picture of fish from:

http://www.shadesofblue.com/pages/uwimages.html

 

Daphnia, or "water fleas", are small freshwater crustaceans found all over the world. They are quite common in lakes, streams, and ponds. They are usually less than 3mm in size, meaning one could fit dozens of them on a fingernail. These tiny crustaceans are extremely important to the food chain in lakes, rivers, and streams. Daphnia harvest small algae cells which convert sun energy into food, which is passed along to their predators. Daphnia can be used as filter feeders and eat a large variety of small organisms such as euglena, protozoa, bacteria, and yeast. They can also be used to clear the green water of ponds or aquariums.

Daphnia can best be cultured in a laboratory while being well fed and receiving frequent water changes. To keep them from reproducing quickly, keep them in a refrigerator. Each pregnant daphnia can deliver up to fifteen babies every three days. Once they start reproducing they quickly outgrow the capacity of their container, be careful!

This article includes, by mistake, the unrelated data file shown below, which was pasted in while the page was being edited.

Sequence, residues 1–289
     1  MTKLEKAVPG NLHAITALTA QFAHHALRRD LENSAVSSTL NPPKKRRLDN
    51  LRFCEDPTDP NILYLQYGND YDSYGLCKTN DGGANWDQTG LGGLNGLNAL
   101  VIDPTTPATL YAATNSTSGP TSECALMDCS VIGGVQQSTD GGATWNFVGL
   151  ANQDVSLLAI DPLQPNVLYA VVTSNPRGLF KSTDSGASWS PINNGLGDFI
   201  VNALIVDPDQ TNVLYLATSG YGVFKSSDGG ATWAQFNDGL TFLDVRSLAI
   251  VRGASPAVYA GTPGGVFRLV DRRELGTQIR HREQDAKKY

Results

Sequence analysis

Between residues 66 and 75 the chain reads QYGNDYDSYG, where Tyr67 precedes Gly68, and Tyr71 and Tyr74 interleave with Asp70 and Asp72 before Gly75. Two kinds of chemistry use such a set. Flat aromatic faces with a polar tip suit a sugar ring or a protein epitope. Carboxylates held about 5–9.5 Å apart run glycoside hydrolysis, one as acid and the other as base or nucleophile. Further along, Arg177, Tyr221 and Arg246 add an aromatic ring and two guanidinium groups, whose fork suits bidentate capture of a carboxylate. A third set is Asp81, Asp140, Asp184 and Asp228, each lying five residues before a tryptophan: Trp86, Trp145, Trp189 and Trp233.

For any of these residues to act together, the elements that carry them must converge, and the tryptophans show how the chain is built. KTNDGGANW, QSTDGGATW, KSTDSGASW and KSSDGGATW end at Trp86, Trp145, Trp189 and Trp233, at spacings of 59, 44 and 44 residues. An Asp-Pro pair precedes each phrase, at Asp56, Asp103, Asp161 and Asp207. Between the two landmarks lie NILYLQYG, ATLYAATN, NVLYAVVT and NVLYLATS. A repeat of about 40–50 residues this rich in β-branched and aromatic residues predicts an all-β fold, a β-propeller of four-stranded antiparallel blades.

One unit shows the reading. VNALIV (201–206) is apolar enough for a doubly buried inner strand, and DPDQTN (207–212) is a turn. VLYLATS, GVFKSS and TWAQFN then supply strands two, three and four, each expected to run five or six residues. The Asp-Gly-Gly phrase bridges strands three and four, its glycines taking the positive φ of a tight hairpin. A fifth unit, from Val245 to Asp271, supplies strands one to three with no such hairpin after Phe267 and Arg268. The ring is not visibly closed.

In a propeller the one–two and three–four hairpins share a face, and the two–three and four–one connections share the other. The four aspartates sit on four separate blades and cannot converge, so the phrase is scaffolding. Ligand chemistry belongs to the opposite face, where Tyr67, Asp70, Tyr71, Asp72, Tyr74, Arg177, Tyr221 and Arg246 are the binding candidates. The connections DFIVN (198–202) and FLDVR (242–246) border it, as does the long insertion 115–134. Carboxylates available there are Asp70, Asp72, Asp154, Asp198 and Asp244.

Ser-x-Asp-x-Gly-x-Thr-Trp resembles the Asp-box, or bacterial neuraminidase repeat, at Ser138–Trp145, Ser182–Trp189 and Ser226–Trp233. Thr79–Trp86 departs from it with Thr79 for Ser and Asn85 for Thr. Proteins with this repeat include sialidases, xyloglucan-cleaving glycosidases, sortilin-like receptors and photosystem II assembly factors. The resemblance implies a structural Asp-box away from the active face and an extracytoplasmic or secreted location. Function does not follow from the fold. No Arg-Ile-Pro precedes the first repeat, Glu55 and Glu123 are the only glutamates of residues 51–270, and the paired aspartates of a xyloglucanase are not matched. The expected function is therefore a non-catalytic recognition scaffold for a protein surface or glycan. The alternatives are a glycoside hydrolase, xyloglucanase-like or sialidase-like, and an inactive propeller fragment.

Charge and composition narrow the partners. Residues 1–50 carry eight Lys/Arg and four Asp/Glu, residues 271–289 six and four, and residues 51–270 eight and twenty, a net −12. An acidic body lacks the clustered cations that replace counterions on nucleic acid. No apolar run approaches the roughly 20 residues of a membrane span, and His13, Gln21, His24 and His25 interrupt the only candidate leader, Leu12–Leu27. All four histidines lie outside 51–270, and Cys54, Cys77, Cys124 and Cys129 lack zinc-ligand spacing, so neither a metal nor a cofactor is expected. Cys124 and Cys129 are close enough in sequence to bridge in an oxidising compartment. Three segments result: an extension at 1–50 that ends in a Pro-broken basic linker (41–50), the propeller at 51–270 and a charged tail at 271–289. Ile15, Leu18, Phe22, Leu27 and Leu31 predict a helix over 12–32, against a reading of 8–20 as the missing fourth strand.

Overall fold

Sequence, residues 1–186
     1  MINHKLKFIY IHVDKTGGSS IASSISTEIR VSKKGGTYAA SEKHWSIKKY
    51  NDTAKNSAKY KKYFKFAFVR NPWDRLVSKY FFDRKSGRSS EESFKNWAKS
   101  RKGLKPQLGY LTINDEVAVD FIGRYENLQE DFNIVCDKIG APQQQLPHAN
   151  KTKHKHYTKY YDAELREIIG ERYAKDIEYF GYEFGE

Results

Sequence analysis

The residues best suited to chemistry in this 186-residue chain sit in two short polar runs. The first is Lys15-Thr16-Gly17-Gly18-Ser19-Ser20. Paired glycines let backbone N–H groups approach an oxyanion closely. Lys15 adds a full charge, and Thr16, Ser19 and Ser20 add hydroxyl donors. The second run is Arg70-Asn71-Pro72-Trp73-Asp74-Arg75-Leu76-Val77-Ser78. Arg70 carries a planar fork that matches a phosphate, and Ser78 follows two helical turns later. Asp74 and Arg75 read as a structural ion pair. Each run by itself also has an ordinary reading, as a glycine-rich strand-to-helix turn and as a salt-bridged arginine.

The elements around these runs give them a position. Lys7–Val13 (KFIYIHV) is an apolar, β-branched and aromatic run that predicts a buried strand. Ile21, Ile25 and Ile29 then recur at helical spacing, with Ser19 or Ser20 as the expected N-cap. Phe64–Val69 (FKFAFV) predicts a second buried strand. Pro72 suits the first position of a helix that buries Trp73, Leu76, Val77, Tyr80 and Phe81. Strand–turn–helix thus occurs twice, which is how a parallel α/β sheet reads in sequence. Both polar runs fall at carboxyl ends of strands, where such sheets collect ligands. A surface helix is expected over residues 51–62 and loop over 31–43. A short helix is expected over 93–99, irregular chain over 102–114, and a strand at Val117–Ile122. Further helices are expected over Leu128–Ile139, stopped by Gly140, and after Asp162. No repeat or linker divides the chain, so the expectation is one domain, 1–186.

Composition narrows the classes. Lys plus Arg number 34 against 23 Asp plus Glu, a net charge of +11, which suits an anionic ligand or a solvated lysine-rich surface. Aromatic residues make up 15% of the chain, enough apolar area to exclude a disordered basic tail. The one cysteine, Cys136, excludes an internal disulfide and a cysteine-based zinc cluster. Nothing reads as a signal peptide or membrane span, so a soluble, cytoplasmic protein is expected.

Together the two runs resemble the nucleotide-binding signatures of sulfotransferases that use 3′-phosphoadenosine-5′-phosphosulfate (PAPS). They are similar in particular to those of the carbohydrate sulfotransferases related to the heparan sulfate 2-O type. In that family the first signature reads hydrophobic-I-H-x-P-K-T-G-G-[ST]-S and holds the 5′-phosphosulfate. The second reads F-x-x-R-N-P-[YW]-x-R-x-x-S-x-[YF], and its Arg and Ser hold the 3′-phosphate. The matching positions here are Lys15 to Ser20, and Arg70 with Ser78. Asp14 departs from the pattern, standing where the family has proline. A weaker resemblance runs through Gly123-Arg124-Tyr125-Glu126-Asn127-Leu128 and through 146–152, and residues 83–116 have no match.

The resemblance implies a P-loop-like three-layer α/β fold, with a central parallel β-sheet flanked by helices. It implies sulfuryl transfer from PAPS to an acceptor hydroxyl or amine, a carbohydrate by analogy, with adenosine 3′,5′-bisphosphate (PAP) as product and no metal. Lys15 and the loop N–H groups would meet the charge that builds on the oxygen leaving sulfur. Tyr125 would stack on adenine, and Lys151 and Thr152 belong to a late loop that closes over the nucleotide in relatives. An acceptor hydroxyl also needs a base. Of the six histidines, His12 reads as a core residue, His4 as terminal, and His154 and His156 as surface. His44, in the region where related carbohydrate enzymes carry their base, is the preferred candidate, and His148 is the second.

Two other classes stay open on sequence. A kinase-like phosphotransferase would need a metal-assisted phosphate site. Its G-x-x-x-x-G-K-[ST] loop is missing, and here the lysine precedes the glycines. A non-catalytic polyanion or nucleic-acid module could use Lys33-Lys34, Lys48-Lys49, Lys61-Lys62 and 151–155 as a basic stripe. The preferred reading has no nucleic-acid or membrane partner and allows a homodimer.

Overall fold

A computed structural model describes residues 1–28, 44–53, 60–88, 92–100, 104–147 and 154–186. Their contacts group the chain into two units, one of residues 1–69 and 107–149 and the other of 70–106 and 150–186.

Their body is divided into three sections, the anterior head, the middle thorax, and the posterior abdomen. Both the middle thorax and the posterior abdomen are enclosed by the carapace, but the head is not. The carapace is a double fold of body wall. The head extends outside of the body. Located in the head are the compound eyes, which are movable. The mouth is also located in the head, but is impossible to see through our microscope. The thoracic region is what makes up most of the body. Located in the thoracic region is the oval heart. One can easily see it beating through a microscope. Daphnia swim in a jerky motion. They have five pairs of legs inside their body which are used to capture their food.

 

Bibliography for this mini-essay

Biomedia Associates. "Daphnia-the Water Flea". (Online) Available

http://ebiomedia.com/gall/classics/Daphnia/daphnia_gen.html, 2001.

 

Biomedia Associates. "Swimming, Feeding, and Breathing". (Online) Available

http://ebiomedia.com/gall/classics/Daphnia/daphnia_behave.html, 2001.

 

Fox, Gary. "Invertebrate Anatomy: Daphnia Magna" (Online) Available

http://www.lander.edu/rsfox/daphnia.html, 1994.

 

Henderson, Gary. "Culturing Daphnia". (Online) Available

http://www.thekrib.com/Food/0, August 11, 1994.

 

Unknown. "Daphnia magna" (Online) Available http://www.lfscultures.com/p12.html, no

date.

 

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